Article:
Protesters have clearly not been deterred or sated by the results of previous protests. In addition to these three protest days, weekly scattered protests in cities such as Bilin and Nabi Saleh have been ongoing for years. The missing piece for these protests has been a unified voice, organization, and set of demands. However, the UN vote stands a good chance of being the perfect spark to congeal a unified movement which at best will be non-violent and at worst will undertake a third intifada.
The status quo is clear: Israel's control over the stability of the West Bank is a runaway train headed straight for a concrete wall. And we can see it coming a mile away.
It is patently in Israel's security and diplomatic interest to undercut the possibility of a unified protest movement, which would have a negative impact on Israeli citizens and the State as a whole. A non-violent and unified protest movement in Palestinian areas would also draw support from Europe and an awkward blend of apathy and interest from the United States. It would also force Israel to make concessions more hastily than an optimal security posture would require. Economic improvements, authority transfers, and force re-deploments require careful planning and time.
Taking action now will allow policy shifts which are preemptions on Israel's terms. If they are not taken now, the same shifts will happen later this year, only they will be concessions and not on Israel's terms.
The IDF is receiving blame for shooting 22 protesters at the Syrian border last weekend, a claim which has still not been independently verified. But the demonstrators aren't there to protest the IDF's rules of engagement. They are there to protest Israeli government policy towards Palestinians. Even if the IDF performed at a utopian level of efficacy, killing and injuring zero protesters, the protests would likely continue given the continuance of Israeli policies towards Palestinians. Yet the Israeli government is focused like a laser on the UN statehood bid, trying to recoup the inevitable losses of its reactionary take-no-prisoners foreign policy. In doing so, it is ignoring the externalities of State policy which are motivating this bid in the first place.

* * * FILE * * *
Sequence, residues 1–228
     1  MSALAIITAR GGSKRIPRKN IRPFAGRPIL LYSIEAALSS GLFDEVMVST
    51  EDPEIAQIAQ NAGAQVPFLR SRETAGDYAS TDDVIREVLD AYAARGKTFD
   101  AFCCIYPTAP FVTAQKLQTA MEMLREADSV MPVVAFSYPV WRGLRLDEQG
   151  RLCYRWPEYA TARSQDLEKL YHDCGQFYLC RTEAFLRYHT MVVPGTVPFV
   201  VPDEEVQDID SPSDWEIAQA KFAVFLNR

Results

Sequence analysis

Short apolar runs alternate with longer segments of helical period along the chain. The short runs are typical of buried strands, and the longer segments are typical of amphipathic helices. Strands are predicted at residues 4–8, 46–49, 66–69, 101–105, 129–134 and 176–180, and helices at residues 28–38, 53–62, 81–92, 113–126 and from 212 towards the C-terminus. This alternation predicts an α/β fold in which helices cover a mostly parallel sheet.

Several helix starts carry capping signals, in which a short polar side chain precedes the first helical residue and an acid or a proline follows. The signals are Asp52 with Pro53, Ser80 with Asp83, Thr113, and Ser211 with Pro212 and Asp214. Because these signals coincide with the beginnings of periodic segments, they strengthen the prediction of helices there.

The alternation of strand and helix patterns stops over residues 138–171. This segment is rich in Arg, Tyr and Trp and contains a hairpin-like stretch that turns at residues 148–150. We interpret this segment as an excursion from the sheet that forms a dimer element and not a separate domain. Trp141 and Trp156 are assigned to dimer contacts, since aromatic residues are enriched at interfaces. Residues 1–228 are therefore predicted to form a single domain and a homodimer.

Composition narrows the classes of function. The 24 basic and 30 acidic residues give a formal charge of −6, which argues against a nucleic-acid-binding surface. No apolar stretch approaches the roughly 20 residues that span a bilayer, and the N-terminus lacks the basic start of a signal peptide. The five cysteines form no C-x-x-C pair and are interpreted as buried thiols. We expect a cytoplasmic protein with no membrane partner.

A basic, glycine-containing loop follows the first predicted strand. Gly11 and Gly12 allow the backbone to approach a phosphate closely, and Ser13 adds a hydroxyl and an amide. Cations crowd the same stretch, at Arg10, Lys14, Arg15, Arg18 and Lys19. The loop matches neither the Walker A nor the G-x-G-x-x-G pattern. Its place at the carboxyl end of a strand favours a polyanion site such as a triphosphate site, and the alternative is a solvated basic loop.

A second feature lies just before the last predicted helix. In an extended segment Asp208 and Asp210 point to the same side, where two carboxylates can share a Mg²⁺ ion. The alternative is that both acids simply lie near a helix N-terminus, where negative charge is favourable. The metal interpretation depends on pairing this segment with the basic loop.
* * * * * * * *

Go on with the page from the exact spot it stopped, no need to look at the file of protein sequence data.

This is not good enough. Israel cannot have its cake and eat it too. Preventing the UN statehood bid from sparking a unified movement will require real policy shifts.
Some may term these shifts "concessions." In the sense that its a concession to ruin your shirt by diving into a pool to save a drowning child, that's accurate. But whether saving a child or Israel's security posture, preemptive policy shifts will incur a cost far less than the potential costs of a unified uprising.
Furthermore, these relative costs pale in light of the sea changes taking place throughout the Middle East. Israel cannot hide from the Arab uprising like a turtle in its shell, nor should it. Policy shifts that will result in increased security for Israel will look less like concessions and more like strategic realignment in the rapidly changing environment of the Middle East. It is better to make these shifts now rather than to wait.
Ultimately, given Israel's current security posture, preemptive policy shifts are a cost-effective way to undercut protest movements which will gain considerable legitimacy if they unify. The measures may need to be significant, but the threat Israel faces is significant as well. They may be costly, but ignoring current policies will only add to this cost.